Dr. Parker's original Screenplay Reading: Forgiveness

Dr. Parker's original Screenplay Reading: Forgiveness

Dr. Parker’s Original Screenplay Reading: Forgiveness
The story of two brothers who were made real by a lie.

Dr. Blanford Parker is a man of many hats. He is known around campus not just as Professor of Literature, but also as an impressive film buff, encyclopedia of classic rock, captivating storyteller, poet, and—most recently—screenplay writer. Over the weekend, Parker led a table reading of his original screenplay, Forgiveness. He provided commentary, indicated the directorial notes, and read the part of the protagonist, Kevin, while a group of eight student and alumni actors read the other parts.

How did Dr. Parker set out to write Forgiveness when he had never written a screenplay before? He knew, he said, that he wanted to write a script in imitation of the great talking comedies of the 1940s (such as His Girl Friday). So, he began by picking out some films he thought were successfully funny—one was Arthur(1981), another was Hail the Conquering Hero (1944). He timed each of these films to get a sense of the tempo, putting together a template of the length of each cut, sequence of dialogue, speeches by main characters, etc. He superimposed this template onto the first twenty or so pages of his own script, finding that it was a “useful start” to the screenplay-writing process.

Forgiveness, Parker said by way of introduction to the reading, is neither a romantic nor a physical comedy but an “idea comedy.” It’s the kind of comedy, he continued, that has a “thematic motivator” and is “associated with films like Dr. Strangelove.” Breaking the cardinal rule of the artist—never to explain one’s work—Parker told the students gathered in the Demetree Auditorium on Saturday night that the thematic motivator of his script is the idea that “our lives are mediated because we watch television and movies.” The main comic figure of the script, Leo, is someone whose entire adult life is spent watching three particular films; these three films form Leo’s entire world. In the final scene of the script, the psychiatrist character summarizes the comedy’s driving theme thus: “Television is the only way we connect to our inner selves in the ’90s.”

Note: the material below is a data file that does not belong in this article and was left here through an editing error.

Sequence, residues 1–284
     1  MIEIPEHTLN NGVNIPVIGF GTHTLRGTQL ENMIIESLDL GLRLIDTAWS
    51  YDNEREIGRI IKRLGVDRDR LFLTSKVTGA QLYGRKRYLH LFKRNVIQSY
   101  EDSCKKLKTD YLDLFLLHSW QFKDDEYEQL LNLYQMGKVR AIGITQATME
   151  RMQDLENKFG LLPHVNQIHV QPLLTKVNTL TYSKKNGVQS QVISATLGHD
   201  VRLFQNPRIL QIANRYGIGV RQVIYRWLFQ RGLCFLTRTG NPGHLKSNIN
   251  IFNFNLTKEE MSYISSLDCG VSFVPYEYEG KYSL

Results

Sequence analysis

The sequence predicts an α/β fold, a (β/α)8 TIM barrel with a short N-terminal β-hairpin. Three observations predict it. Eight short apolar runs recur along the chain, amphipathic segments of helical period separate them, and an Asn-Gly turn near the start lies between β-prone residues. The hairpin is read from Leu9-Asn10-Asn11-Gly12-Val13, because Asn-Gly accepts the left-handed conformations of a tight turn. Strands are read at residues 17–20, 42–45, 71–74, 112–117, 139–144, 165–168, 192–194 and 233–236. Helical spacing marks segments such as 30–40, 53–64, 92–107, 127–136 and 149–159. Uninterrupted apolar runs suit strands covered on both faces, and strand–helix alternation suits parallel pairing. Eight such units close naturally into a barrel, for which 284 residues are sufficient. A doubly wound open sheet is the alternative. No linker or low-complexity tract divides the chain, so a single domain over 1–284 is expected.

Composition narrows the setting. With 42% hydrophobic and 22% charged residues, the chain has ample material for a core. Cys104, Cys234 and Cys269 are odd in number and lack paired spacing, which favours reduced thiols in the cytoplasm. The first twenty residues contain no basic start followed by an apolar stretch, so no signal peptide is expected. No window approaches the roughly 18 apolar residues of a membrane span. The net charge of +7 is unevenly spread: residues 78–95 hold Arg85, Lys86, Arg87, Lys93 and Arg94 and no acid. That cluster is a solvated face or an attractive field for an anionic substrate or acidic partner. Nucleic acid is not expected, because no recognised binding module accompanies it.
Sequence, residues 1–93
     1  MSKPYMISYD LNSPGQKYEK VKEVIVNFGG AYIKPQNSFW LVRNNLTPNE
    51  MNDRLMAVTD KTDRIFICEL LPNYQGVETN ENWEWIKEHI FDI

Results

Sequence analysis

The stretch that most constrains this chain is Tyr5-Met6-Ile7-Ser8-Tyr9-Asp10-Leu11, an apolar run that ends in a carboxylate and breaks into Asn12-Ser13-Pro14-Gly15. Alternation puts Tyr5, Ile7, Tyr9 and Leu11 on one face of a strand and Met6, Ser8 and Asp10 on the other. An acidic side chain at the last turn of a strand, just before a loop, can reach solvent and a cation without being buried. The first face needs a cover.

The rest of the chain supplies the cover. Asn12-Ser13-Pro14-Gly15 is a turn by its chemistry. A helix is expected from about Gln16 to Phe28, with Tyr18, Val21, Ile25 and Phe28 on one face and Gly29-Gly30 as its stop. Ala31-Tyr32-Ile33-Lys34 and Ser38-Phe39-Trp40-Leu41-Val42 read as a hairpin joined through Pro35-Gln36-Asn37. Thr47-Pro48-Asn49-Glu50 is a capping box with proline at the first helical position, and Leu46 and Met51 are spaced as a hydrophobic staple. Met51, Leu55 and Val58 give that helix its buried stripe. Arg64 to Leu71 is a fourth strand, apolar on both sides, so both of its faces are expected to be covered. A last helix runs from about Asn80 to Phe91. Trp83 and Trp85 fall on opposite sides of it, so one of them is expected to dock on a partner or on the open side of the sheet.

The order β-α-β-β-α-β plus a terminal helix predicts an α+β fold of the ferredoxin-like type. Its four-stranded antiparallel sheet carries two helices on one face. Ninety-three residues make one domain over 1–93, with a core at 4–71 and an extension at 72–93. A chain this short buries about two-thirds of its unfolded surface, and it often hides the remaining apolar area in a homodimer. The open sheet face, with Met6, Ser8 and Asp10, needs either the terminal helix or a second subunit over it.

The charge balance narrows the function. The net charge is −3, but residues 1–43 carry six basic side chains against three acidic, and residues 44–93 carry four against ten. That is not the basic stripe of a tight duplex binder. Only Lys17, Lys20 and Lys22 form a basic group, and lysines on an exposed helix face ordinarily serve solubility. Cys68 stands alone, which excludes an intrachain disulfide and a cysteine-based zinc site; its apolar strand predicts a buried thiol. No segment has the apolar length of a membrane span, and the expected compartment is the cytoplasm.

Kevin, the protagonist, is an “absorptive” character, Parker continued. “He absorbs problems and stands back.” The plot of the screenplay follows the pattern of three acts. In Act I, the two main characters, Kevin and Leo, are introduced. In Act II, the goal is to bring the two together such that the “bland and flat person [Kevin] is enhanced by the lunacy of the other [Leo].” The challenge of Act III, Parker explained, is in making it all “real”—bringing everything together in a believable, humorous, and acceptable way. He left it to the eagerly awaiting audience to judge whether or not he was successful. 

Based on the sustained laughter throughout the reading and the enthusiastic applause at the conclusion, the overall consensus was that of success on Parker’s part.

Since completing Forgiveness in 1996, Parker has written two more feature-length scripts—a murder, and a historical piece on Socrates. Forgiveness was sold to a small production company this past summer. Parker hopes to see the script come to the big screen within his lifetime.